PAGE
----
To Pay Or Not To Pay?

Inflated medical expenses are one of the most pernicious problems in modern American healthcare. According to the U.S. Department of Health and Human Services, hospital prices have risen three times faster than inflation since the 1980s, making medical debt one of the leading causes for individual bankruptcy in the nation. What’s more, hospitals are still deplorably underfunded, and doctors and administrators work longer hours for less pay than any decade in U.S. history since WWII.

Of course, these stratospheric prices are merely symptomatic of greater endemic issues in the healthcare industry. From insurance and healthcare reform a la Obamacare to lobbies against pharmaceutical patents, it can be difficult to escape the vicious cycle of rising medical expenses. However, desperate times call for creative measures, and some American patients even go overseas for vacation/treatment/rehabilitation combos that tally a combined cost that is still only a fraction of a domestic bill. But quizzically, public awareness of the unsustainability of U.S. medical treatments hasn’t quelled the surge in prices. At times, it seems as if there is no end in sight.

It should come as no surprise that many are refusing to pay these exorbitant, unjustifiable fees. Jay Hancock articulates the questions that preoccupy patients and employers who are faced with exorbitant fees for inconsequential treatments:

“How can hospitals justifiably charge employers and their workers so much more than they accept from Medicare, the government program for seniors? How can hospitals bill $30 for a gauze pad? How can employee-patients consent to prices they will never see until after they’ve been discharged?”

As outrage increases, some are going corporate with their indignation. Enter the rise of “benefits consulting firms,” companies that make a business out of confronting hospitals head-on. For example ELAP Services, one such firm, received a bill for a 3-day stay that came out to $600,000. After estimating costs for the actual treatment, ELAP paid $28,900 and never heard from the hospital again.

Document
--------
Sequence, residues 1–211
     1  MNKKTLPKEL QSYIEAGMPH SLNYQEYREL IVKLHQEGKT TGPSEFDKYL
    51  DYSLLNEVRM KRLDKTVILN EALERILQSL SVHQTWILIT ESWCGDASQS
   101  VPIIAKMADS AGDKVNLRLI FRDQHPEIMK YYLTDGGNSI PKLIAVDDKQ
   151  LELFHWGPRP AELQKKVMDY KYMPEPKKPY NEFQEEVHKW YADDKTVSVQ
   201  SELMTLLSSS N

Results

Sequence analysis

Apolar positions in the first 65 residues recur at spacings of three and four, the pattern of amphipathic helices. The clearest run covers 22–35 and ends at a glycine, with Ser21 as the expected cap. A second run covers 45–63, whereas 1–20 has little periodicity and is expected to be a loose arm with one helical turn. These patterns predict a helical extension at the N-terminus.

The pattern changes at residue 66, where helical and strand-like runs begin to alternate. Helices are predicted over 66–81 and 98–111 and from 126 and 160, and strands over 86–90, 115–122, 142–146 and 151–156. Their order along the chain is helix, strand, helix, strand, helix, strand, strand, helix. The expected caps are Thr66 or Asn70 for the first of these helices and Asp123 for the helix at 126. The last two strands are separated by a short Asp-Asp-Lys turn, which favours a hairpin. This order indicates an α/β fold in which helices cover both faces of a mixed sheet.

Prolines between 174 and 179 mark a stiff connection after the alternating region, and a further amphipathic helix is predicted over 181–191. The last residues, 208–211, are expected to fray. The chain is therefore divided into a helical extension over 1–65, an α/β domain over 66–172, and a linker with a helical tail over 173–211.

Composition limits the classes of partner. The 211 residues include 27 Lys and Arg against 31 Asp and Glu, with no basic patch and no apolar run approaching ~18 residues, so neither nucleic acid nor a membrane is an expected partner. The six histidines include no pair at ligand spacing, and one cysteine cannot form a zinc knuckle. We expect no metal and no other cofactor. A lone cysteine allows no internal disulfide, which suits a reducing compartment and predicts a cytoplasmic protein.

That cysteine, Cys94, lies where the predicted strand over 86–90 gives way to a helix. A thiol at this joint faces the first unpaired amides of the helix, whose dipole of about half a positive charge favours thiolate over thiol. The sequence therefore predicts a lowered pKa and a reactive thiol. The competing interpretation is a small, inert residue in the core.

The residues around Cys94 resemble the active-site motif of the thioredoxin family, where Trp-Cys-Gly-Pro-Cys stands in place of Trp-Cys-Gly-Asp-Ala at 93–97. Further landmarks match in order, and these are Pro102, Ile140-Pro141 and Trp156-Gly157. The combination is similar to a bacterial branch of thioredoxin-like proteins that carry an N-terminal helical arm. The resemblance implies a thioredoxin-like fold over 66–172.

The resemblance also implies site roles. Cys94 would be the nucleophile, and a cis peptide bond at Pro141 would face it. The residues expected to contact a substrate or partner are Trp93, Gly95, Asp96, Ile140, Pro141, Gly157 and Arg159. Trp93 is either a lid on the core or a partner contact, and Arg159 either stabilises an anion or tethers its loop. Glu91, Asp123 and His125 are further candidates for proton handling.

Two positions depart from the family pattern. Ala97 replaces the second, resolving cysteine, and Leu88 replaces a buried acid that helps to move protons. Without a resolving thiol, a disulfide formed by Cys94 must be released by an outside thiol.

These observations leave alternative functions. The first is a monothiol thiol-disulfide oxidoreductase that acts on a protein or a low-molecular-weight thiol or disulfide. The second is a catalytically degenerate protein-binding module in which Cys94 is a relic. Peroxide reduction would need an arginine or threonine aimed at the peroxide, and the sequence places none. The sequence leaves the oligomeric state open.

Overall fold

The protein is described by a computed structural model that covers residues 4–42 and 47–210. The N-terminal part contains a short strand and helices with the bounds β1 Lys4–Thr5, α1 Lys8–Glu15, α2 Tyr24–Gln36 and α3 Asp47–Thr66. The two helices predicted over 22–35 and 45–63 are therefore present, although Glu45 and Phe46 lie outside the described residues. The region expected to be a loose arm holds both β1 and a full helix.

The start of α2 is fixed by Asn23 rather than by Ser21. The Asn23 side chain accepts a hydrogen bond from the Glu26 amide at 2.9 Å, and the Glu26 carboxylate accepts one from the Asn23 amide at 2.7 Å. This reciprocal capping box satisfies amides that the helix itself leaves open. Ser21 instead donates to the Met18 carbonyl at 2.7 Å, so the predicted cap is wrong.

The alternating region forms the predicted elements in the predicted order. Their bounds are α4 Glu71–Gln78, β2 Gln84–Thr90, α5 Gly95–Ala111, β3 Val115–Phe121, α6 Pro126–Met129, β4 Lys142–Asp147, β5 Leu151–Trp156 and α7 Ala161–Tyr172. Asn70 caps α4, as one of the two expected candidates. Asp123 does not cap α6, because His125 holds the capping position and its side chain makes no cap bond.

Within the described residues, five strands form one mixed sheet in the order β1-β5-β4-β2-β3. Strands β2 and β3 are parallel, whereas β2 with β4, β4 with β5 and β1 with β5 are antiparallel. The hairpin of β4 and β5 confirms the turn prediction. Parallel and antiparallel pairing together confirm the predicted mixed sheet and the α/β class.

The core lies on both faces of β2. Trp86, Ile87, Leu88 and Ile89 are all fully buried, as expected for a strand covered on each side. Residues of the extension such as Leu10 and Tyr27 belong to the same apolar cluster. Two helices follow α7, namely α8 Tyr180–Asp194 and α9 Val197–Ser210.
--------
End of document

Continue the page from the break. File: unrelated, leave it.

Problem solved? Not necessarily. On one hand, firms like ELAP can compound the problem by leveraging the same heavy-handed legal resources insurance companies use to extort vulnerable patients. It’s useless for patients to partner with a consulting business instead of negotiating with an insurance provider if they are going to feel bullied either way.

Not only that, but hospitals might need to adjust their strategies as well. While it’s no secret that some medical facilities do overcharge for their services – and justify their prices in cryptic ways – hospitals have limitations, too. Administrators have to worry about how to process their own billing, when to abandon cases that are more trouble then their worth, and of course the main concern: paying their staff.

How is it that despite rising medical costs, doctors and nurses are still underpaid? How are so many medical practices understaffed? The money has to come from somewhere, and if administrators aren’t meeting their budgets from patient bills, they may turn their focus on those who do not have the legal firepower to deflect them. Firms like ELAP have the finances to pay the bill – and potentially legal fees if they need to – and so offer significant protection to patients who hire them. Unfortunately, this means patients who can’t afford consulting firms may become targets, and they’re the ones who need the biggest break in the first place.

While it’s always great to have options like ELAP, it’s doubtful that this poses a permanent solution to the nation’s medical problems. As Americans well know, capitalism is all about supply and demand. If patients collectively transform their anger into action by refusing to pay exorbitant bills and taking their business (or in this case, their illness) elsewhere, insurance companies and healthcare providers will ultimately feel the pain that comes from weakening demand. But as with anything of this magnitude, change occurs slowly. So in the mean time: try not to get sick.

Sources:
Kaiser Health News
Agency for Healthcare Research and Quality
ELAP Services
New York Times

About the Author:
Iris Stone is a freelance writer, editor, and business owner who has written on a range of topics. She has experience covering content on medicine, healthcare, and career training, as well as education. Iris is also interested in science and mathematics and is currently studying to be a physicist. Check out her Google+ Profile.